What to Do When You Can’t Find Job Candidates

June 16, 2017 Mary Lorenz


Job seekers think they have it rough, but the grass isn’t any greener for employers looking to hire for hard-to-fill positions, either. Finding candidates can be just as exhausting as searching for a new job especially when it feels as if you’ve looked at every resume in the entire ZIP code by now. The fact is, the candidates you need simply aren’t there. So what’s an exhausted recruiter supposed to do? Here are five tactics to try when you’ve tried everything and still can’t find the talent you need in your area.


Five Solutions for When Your Location Has a Low Supply of the Candidates You Need

  1. Be strategic about search. Improving your Boolean search skills can help you find the candidates you need more efficiently and uncover hidden gems. Today’s search engines have advanced capabilities that help to expand the effectiveness of the user – if you know how to use them right. Take a few moments to learn about the fundamentals of Boolean search and become a search pro. (On the other hand, if you’re a CareerBuilder client with Resume Database (RDB), there’s no need for Boolean search expertise. RDB uses semantic search technology – which is more intuitive than other search methods and produces more relevant search results in less time.)
  2. Offer relocation. Expand your recruiting efforts beyond the local area and offer relocation assistance. This may be in the form of a flat fee to cover expenses of footing the bill for packing and unpacking, moving trucks, transportation and temporary housing. When searching for candidates, use your time wisely and focus your recruitment marketing efforts on areas where the supply of talent is high. A solution such as CareerBuilder’s Supply & Demand (included in RDB) can help you identify areas with the highest supply of candidates and the lowest competition.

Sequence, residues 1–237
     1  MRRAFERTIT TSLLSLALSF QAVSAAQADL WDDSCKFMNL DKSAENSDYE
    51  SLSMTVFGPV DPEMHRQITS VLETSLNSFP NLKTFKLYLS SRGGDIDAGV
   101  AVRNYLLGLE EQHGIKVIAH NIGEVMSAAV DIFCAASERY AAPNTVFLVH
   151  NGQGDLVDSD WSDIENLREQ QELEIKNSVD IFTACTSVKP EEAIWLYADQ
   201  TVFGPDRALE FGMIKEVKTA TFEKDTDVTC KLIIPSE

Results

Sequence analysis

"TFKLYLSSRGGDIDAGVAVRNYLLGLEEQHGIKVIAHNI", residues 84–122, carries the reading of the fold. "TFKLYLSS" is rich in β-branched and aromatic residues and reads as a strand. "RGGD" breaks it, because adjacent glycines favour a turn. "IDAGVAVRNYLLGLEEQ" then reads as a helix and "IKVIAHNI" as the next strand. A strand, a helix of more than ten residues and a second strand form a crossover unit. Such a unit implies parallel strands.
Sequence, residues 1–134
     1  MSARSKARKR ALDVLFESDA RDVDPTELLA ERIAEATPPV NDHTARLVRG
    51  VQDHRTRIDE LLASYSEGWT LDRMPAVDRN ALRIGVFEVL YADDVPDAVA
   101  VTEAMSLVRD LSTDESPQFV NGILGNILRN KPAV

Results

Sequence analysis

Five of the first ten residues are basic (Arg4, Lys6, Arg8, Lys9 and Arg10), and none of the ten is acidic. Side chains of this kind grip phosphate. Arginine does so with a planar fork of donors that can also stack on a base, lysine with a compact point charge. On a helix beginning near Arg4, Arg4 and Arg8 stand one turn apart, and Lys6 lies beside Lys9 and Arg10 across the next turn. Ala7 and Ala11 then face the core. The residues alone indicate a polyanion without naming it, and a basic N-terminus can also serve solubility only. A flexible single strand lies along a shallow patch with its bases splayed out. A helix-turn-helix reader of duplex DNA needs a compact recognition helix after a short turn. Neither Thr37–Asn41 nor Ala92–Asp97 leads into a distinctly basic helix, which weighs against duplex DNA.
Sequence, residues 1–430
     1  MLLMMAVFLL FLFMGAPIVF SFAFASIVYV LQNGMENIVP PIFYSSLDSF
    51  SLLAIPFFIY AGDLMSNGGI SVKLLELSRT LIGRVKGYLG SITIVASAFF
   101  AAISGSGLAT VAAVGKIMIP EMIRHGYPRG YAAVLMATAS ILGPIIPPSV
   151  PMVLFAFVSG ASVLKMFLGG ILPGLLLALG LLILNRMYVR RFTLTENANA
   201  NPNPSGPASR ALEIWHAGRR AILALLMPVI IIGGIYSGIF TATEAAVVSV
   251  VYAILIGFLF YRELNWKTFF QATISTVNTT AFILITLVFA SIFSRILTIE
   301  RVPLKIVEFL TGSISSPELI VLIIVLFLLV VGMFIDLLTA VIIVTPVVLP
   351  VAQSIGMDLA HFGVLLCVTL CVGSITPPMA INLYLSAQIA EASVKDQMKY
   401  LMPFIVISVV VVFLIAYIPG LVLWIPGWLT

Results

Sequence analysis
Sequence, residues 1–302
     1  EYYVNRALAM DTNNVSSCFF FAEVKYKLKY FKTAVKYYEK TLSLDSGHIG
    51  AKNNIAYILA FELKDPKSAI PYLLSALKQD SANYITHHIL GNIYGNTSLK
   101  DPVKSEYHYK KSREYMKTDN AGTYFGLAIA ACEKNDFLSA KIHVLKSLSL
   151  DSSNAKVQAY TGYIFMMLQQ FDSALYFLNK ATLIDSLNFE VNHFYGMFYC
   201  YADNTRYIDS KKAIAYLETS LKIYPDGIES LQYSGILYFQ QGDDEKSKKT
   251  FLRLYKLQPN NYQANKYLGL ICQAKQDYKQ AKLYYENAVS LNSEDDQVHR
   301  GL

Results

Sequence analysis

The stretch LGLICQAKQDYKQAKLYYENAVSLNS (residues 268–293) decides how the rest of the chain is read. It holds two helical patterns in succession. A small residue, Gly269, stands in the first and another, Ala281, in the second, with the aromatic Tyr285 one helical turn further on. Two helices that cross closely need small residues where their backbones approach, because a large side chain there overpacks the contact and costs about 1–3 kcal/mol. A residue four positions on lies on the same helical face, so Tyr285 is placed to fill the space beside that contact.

3. Consider remote workers. Found a great candidate, but they’re unwilling to relocate? Offer to let them work remotely. Companies of all sizes and industries allow employees to work remotely, believing it makes them happier and more productive. Of course, not every employee is cut out to work remotely, so it’s important that you hire wisely; however, remote workers could be a viable (and cost-saving) option to bridge the skills gap at your business.
  4. Pursue passive candidates. Why does it always feel like the good ones are taken? While poaching employees can be controversial, many believe that all is fair in love, war and recruitment. If you know or know of a great candidate who is already employed, this person could be the answer to your unfilled position woes. Of course, if you find the right candidate, you need to make leaving their current company worth their while – which may mean stepping up your salary offer or your benefits package. (And be sure your potential new hire is not bound by a non-compete agreement.)   
  5. Look at alternative talent pools. If you can’t find qualified candidates for a specific position, try looking for workers in closely related occupations and industries. These professionals might have different job titles than the position you’re trying to fill, but they will have similar skillsets and will require minimal training. Emsi, CareerBuilder’s workforce analytics arm, has a compatibility index that helps companies find workers for hard-to-fill jobs and occupations by identifying compatible skillsets. For example, if you need a medical assistant, using the compatibility index, you’d see that pharmacy technicians, phlebotomists and occupational therapy aides have similar skill sets. Or if it’s a web developer you need, you might also consider database administrators, computer systems analysts or video game designers.

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